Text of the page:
Definition of burgeon
2 : to grow and expand rapidly : flourish The market for her work has burgeoned in recent years. tiny events which burgeon into national alarums — Herman Wouk
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Examples of burgeon in a Sentence
The market for collectibles has burgeoned in recent years.
the trout population in the stream is burgeoning now that the water is clean
Recent Examples of burgeon from the Web
Olmert was forced to resign in 2008 to fight off a burgeoning corruption case, leading to the election of the current prime minister, Benjamin Netanyahu, the following year.
For the next few days, the Phan brothers showed us around southern Vietnam while putting on display the country's burgeoning off-road culture.
Sheeran has experience in attracting world attention to burgeoning problems.
The Enquirer/Patrick Brennan The early returns are in, and most indicators point to success regarding the burgeoning, on-field relationship between Futbol Club Cincinnati's Danni Konig and Djiby Fall.
The site will also be gay-friendly and located a block east of the burgeoning Whiskey Row district in the heart of downtown, said John Gardner, one of the key investors in the club.
Some of the greatest NFL players of all time descended on a converted soccer field outside Tel Aviv to watch local youths scrimmage in a big boost for the burgeoning sport of American football in Israel.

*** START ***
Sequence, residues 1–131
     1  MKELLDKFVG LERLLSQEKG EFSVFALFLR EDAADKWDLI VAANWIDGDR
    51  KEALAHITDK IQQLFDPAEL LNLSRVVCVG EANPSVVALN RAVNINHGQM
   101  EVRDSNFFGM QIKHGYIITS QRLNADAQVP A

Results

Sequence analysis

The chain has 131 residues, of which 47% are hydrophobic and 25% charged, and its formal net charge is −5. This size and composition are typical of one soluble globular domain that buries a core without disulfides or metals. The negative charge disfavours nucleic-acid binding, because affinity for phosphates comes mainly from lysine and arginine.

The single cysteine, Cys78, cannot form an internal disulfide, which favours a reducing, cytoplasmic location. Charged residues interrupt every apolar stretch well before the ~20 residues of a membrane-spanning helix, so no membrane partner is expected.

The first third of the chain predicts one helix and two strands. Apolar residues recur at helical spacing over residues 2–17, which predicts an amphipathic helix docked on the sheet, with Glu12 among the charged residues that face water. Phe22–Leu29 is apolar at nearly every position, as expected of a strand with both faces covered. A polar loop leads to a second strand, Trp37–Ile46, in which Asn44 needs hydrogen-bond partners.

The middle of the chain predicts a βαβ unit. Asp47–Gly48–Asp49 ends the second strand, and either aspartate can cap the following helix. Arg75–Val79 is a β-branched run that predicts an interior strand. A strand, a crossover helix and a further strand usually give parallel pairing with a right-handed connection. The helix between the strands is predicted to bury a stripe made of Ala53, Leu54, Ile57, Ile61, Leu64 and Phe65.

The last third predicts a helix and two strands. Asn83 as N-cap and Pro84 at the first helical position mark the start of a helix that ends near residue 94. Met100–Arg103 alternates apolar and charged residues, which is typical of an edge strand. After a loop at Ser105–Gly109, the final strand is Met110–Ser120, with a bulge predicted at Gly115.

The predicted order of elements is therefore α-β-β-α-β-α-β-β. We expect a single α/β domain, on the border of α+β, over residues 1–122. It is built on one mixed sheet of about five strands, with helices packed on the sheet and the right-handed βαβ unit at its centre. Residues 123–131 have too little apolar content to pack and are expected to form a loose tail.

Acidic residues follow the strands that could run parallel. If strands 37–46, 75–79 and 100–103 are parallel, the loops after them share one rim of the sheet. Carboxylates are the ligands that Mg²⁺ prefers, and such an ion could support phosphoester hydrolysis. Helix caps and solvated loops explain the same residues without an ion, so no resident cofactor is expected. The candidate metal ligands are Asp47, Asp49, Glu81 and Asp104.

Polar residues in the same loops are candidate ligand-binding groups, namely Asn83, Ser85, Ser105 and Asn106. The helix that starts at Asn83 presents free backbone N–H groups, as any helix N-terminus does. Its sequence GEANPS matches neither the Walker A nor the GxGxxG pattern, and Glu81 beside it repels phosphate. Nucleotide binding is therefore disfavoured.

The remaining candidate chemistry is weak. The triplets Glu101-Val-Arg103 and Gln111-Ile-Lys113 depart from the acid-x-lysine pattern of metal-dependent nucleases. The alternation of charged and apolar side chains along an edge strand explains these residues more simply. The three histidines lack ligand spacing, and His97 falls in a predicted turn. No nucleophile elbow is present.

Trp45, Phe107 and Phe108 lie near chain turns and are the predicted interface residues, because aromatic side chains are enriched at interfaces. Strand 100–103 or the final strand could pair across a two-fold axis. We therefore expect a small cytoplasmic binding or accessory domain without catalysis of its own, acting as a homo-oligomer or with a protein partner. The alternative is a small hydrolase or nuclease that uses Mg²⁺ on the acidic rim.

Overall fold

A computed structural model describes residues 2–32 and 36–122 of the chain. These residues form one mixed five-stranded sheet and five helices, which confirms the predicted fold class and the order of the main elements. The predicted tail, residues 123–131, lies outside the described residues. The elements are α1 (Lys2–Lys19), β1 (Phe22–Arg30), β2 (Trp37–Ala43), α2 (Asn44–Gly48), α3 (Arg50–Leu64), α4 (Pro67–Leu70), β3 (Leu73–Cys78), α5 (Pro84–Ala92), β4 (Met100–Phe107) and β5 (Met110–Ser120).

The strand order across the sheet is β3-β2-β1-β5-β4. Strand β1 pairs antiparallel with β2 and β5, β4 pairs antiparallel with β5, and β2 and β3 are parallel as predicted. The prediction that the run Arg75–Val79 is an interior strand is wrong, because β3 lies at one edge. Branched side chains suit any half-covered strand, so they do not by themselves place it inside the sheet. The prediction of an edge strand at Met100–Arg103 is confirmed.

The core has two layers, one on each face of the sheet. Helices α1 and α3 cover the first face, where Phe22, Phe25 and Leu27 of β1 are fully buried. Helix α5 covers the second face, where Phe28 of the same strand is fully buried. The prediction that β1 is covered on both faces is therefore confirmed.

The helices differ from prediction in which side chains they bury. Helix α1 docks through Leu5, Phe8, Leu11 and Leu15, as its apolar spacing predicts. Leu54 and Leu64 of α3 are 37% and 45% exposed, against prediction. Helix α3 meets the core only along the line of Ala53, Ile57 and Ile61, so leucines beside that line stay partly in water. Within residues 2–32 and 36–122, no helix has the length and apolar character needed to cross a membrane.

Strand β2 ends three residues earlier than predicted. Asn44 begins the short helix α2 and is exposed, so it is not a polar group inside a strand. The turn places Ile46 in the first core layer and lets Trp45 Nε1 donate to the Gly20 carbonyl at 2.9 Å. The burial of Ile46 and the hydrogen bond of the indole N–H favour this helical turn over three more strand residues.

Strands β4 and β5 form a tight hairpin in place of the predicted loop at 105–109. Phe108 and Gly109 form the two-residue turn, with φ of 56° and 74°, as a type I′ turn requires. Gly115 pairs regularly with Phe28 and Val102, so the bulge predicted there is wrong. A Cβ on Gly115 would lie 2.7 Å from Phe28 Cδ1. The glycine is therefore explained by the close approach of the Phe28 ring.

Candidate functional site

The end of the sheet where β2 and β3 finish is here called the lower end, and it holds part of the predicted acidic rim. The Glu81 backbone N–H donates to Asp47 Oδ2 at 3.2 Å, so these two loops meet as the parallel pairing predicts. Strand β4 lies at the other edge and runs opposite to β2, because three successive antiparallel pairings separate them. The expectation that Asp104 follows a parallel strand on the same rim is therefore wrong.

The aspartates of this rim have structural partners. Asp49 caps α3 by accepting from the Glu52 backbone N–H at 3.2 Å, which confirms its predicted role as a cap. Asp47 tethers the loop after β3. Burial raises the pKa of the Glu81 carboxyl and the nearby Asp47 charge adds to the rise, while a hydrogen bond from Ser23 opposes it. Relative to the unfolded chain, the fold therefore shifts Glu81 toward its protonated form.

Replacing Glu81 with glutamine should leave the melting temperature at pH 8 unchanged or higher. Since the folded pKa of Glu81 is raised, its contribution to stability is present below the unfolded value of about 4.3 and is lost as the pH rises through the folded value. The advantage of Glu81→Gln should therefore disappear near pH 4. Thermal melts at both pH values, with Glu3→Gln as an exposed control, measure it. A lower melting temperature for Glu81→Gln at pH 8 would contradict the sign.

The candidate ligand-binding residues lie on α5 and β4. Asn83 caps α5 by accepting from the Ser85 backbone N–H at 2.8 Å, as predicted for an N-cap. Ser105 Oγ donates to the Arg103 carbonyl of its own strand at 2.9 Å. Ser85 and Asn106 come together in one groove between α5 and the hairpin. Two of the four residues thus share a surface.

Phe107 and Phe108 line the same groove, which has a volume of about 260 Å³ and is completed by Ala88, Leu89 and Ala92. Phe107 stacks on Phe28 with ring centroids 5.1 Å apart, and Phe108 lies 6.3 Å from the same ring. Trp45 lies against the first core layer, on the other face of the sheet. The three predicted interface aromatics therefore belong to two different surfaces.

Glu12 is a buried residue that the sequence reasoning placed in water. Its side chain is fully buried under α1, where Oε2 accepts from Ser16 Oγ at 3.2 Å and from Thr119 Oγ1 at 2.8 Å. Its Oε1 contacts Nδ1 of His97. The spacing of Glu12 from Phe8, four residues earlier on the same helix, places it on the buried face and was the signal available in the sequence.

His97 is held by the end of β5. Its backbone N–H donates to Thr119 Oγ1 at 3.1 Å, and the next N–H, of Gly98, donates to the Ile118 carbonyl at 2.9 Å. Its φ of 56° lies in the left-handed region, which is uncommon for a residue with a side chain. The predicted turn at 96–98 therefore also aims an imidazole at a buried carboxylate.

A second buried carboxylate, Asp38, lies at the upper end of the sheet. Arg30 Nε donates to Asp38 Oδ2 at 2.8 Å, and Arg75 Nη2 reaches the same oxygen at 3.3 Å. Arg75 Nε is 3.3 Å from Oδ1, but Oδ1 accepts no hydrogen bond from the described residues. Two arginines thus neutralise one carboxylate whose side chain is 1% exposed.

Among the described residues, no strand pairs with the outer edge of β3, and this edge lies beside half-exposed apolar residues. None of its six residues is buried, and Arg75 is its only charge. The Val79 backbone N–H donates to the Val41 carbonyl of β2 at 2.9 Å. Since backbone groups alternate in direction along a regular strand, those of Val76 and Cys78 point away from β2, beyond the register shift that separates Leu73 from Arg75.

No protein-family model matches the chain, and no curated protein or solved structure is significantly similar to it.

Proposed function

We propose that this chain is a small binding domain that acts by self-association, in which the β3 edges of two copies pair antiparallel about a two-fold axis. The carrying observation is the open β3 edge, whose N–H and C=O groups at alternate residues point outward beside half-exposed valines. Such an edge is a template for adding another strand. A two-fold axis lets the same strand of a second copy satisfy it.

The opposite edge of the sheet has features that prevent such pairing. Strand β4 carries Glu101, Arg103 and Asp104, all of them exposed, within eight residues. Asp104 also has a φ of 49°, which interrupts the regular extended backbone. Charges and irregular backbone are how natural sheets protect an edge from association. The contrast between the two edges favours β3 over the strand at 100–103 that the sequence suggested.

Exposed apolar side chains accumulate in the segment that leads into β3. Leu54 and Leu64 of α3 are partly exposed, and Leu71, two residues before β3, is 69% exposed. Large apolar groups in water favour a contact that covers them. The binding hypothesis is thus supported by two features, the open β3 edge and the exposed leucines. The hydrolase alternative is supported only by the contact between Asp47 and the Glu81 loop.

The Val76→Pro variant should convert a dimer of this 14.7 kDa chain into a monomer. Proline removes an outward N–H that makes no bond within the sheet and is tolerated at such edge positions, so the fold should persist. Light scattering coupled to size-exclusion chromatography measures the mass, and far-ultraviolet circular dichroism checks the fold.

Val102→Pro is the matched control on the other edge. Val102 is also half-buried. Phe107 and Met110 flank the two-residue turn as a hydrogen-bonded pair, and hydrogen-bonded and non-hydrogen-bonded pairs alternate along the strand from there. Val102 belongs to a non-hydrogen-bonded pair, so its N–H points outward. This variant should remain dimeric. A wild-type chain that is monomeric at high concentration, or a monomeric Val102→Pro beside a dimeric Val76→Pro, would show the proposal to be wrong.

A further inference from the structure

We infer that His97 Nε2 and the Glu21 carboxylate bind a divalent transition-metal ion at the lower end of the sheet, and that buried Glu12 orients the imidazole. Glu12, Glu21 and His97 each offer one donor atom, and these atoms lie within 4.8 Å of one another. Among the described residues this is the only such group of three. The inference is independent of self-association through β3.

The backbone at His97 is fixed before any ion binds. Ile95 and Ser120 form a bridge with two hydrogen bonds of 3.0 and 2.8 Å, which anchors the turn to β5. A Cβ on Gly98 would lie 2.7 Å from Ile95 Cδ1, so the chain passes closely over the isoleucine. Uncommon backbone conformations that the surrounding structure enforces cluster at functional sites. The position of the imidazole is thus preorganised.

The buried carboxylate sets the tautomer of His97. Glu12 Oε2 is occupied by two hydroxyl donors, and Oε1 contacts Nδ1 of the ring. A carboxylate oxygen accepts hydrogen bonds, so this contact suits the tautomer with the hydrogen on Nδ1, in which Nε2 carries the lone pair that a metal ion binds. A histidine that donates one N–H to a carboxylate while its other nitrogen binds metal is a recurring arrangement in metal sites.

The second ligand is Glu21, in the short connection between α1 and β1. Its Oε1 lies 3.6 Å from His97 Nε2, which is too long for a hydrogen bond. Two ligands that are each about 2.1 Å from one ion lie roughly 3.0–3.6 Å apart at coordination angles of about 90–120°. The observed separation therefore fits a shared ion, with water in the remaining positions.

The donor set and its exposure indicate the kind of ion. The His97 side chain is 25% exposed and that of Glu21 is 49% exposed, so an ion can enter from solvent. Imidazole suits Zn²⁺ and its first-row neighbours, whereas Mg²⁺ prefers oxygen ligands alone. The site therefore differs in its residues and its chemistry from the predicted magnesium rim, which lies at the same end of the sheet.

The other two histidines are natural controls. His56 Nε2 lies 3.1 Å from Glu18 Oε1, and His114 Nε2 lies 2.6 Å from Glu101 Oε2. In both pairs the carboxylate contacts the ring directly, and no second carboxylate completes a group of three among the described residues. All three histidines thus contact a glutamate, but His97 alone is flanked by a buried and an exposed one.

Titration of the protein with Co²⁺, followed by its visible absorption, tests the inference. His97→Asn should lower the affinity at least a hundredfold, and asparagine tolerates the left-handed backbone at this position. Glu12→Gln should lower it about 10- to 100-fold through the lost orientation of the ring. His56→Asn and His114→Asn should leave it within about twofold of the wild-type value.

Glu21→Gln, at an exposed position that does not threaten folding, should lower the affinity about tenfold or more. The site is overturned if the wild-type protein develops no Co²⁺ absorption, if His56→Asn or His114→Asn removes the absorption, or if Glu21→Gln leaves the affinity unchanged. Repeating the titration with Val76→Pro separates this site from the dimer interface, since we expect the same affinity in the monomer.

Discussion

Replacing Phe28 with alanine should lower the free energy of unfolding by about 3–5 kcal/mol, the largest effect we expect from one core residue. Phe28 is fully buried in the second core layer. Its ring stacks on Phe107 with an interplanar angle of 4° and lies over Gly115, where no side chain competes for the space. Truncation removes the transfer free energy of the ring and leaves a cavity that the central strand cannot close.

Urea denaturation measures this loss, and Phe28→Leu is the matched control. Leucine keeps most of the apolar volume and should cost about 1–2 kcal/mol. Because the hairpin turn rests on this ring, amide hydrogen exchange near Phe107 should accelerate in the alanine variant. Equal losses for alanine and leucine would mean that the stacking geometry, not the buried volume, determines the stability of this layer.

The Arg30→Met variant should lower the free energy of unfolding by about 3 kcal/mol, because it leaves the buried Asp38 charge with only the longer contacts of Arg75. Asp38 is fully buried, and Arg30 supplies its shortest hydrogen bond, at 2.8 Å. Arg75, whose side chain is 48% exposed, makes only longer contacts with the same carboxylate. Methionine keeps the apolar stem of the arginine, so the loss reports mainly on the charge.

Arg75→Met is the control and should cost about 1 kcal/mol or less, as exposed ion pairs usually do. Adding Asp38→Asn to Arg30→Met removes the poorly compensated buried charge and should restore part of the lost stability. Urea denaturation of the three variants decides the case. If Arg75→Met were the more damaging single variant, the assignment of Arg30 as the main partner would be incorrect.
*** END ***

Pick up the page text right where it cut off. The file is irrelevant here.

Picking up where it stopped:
Explore B.C.’s Cowichan Wine Country For a relaxing weekend, spend time with your girlfriends sipping your way through Vancouver Island’s burgeoning wine and balsamic scene on a tour of Cowichan Wine Country.
Inslee touted it as a way to bring more companies in a burgeoning industry to the state and also as a way to promote safer car travel.
These example sentences are selected automatically from various online news sources to reflect current usage of the word 'burgeon'. Views expressed in the examples do not represent the opinion of Merriam-Webster or its editors. Send us feedback.
Did You Know?
Burgeon comes from the Middle English word burjonen, which is from Anglo-French burjuner; both mean "to bud or sprout." "Burgeon" is often used figuratively, as when P.G. Wodehouse used it in Joy in the Morning: "I weighed this. It sounded promising. Hope began to burgeon." Usage commentators have objected to the use of "burgeon" to mean "to flourish" or "to grow rapidly," insisting that any figurative use should stay true to the word's earliest literal meaning and distinguish budding or sprouting from subsequent growing. But the sense of "burgeon" that indicates growing or expanding and prospering (as in "the burgeoning music scene" or "the burgeoning international market") has been in established use for decades, and is, in fact, the most common use of "burgeon" today.
Origin and Etymology of burgeon
Middle English burjonen, from Anglo-French burjuner, from burjun bud, from Vulgar Latin *burrion-, burrio, from Late Latin burra fluff, shaggy cloth
First Known Use: 14th centurySee Words from the same year
BURGEON Defined for English Language Learners
Definition of burgeon for English Language Learners
: to grow or develop quickly
Seen and Heard
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